Turnkey assembly -- buzzwords or worth looking into?
Matric | Electronic Contract Manufacturing Blog
Medical device companies looking for a PCB design and assembly partner have many important factors to consider, all with the end user’s well-being at risk. Finding an experienced, ISO 13485-certified manufacturer is one of the most important.
(Editor’s note: This is part 5 of a five-part series on the history of Matric Group, from a $20 investment in 1971 to a $60+ million business today.)
From the Playstation 2 to the first-ever International Space Station crew, the beginning of the Millennium saw technological breakthroughs, rolling blackouts, and political turmoil throughout the United States and abroad.
About 20% of all medical device manufacturers struggle to manage component shortages. This can be a big problem, especially since many devices can mean the difference between life and death for an individual.
Medical device product life cycle management is a challenge at the best of times. When supply chains are disrupted (such as during the COVID-19 pandemic of 2020), it becomes even harder.
These challenges are a way of life for any device that needs to go through an extensive certification process. Since medical equipment is as high-stakes as it gets, it undergoes a more extensive review than most.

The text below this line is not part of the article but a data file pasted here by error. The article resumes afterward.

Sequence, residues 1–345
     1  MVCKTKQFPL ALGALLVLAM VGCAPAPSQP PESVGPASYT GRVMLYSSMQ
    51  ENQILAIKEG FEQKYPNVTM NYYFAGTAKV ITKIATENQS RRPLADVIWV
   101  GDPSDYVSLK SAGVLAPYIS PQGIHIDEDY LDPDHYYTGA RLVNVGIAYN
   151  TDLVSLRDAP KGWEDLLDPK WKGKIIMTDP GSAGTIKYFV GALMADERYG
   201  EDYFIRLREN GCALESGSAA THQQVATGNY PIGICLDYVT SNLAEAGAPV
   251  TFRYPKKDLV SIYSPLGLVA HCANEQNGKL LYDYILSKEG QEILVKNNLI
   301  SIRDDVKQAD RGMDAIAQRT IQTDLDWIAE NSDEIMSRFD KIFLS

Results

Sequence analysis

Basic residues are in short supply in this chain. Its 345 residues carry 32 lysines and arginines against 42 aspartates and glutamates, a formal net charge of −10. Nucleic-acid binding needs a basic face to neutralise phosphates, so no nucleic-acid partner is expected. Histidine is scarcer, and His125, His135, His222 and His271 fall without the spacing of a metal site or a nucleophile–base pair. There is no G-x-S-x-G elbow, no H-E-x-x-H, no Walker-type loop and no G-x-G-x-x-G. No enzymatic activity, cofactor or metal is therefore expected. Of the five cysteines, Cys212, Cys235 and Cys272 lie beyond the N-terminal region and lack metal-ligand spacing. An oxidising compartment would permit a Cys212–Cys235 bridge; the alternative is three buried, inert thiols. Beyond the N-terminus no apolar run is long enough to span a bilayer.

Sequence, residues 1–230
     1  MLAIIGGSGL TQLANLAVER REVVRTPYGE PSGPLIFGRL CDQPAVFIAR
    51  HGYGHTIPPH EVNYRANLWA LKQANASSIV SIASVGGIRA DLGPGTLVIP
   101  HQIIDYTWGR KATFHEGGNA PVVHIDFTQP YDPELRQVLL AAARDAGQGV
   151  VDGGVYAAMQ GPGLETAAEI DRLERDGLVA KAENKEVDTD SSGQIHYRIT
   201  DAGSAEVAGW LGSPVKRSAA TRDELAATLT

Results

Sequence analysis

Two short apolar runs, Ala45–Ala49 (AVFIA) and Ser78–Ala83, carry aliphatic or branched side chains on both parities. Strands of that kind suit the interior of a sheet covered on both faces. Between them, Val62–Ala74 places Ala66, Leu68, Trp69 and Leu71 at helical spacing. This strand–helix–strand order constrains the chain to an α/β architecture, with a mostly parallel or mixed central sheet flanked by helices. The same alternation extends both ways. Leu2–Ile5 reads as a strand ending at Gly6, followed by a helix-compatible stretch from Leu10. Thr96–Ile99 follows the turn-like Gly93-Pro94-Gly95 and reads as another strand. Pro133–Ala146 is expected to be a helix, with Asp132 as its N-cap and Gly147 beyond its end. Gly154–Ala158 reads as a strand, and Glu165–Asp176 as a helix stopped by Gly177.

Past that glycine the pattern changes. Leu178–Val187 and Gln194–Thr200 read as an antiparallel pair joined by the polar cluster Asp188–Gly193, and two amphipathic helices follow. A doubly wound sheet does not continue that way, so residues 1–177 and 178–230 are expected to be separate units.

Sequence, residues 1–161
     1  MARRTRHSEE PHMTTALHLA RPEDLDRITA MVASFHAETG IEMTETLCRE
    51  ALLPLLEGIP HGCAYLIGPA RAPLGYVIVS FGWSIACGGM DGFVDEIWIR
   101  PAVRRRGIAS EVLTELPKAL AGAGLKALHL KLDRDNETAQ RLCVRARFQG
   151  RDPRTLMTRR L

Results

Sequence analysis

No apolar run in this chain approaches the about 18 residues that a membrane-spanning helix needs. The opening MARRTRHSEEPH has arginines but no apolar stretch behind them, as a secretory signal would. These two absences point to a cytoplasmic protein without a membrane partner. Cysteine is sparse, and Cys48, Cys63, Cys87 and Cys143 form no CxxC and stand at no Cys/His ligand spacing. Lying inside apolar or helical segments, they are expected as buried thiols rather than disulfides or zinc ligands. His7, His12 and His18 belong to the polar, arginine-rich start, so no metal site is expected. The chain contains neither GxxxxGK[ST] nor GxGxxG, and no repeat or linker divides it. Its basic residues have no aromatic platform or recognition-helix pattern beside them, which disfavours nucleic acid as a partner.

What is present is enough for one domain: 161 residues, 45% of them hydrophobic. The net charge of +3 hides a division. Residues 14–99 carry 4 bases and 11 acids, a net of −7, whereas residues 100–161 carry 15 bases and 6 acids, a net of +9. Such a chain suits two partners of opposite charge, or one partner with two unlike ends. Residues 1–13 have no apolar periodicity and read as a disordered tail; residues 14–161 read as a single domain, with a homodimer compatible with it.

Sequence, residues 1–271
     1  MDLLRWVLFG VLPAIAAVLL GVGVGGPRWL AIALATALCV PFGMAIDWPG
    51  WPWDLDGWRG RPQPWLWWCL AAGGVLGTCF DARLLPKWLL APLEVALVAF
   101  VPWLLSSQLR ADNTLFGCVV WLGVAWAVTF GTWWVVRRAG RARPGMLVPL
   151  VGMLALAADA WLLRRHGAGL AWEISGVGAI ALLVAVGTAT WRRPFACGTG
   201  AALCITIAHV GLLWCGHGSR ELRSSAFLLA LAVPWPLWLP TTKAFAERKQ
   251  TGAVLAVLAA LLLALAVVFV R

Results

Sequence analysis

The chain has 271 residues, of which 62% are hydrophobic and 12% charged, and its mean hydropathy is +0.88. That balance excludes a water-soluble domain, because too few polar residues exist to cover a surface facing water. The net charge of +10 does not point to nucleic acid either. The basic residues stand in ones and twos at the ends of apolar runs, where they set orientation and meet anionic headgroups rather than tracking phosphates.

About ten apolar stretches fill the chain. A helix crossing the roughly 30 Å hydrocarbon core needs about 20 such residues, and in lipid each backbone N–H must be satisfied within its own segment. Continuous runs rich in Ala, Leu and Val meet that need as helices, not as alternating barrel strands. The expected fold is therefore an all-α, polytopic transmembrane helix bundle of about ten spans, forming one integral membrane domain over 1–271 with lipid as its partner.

Fortunately, there are ways that you can stay ahead of the curve.
(Editor’s note: This is part 3 of a six-part series on the history of Matric Group, from a $20 investment in 1971 to a $60+ million business today.)
There are many areas in life where accepting mistakes as inevitable is a good thing -- electronics manufacturing is not one of them. The end goal should always be to complete a production run with zero defects. While it may not be possible every time, it’s certainly the mindset you want your contract manufacturer to have.
So, how can you handle business on your end to make sure no defects exist in your electronics build?
Optimizing PCB layout design for manufacturability is one of the most crucial aspects of your product’s development process. Key decisions made during the design stage often have a tremendous impact on the cost and success of your product’s manufacturing and production.
Whether you’re in the electronics, healthcare, or manufacturing industry, it’s easy to get overwhelmed by the hodgepodge of standards regarding PCB design. And that’s why it’s crucial to choose an electronic contract manufacturer that follows the IPC standards for PCB design.
With a practically worldwide push toward environmental responsibility, more companies are choosing to -- or have no choice but to -- demonstrate that they’re reducing their environmental footprint. Many original equipment manufacturers (OEMs) are starting to realize the importance of having ISO-certified electronics manufacturers in their supply chains.
Toughness in the military cuts across the board. It's not just the tough personnel, but also the electronics and the computers used in the field. Of course, that means that the printed circuit boards (PCB) used in the defense sector need to be tough as nails.
For companies that buy and sell products for use in a potentially explosive atmosphere, a roadmap of guidelines isn’t just helpful -- it’s also a must-have.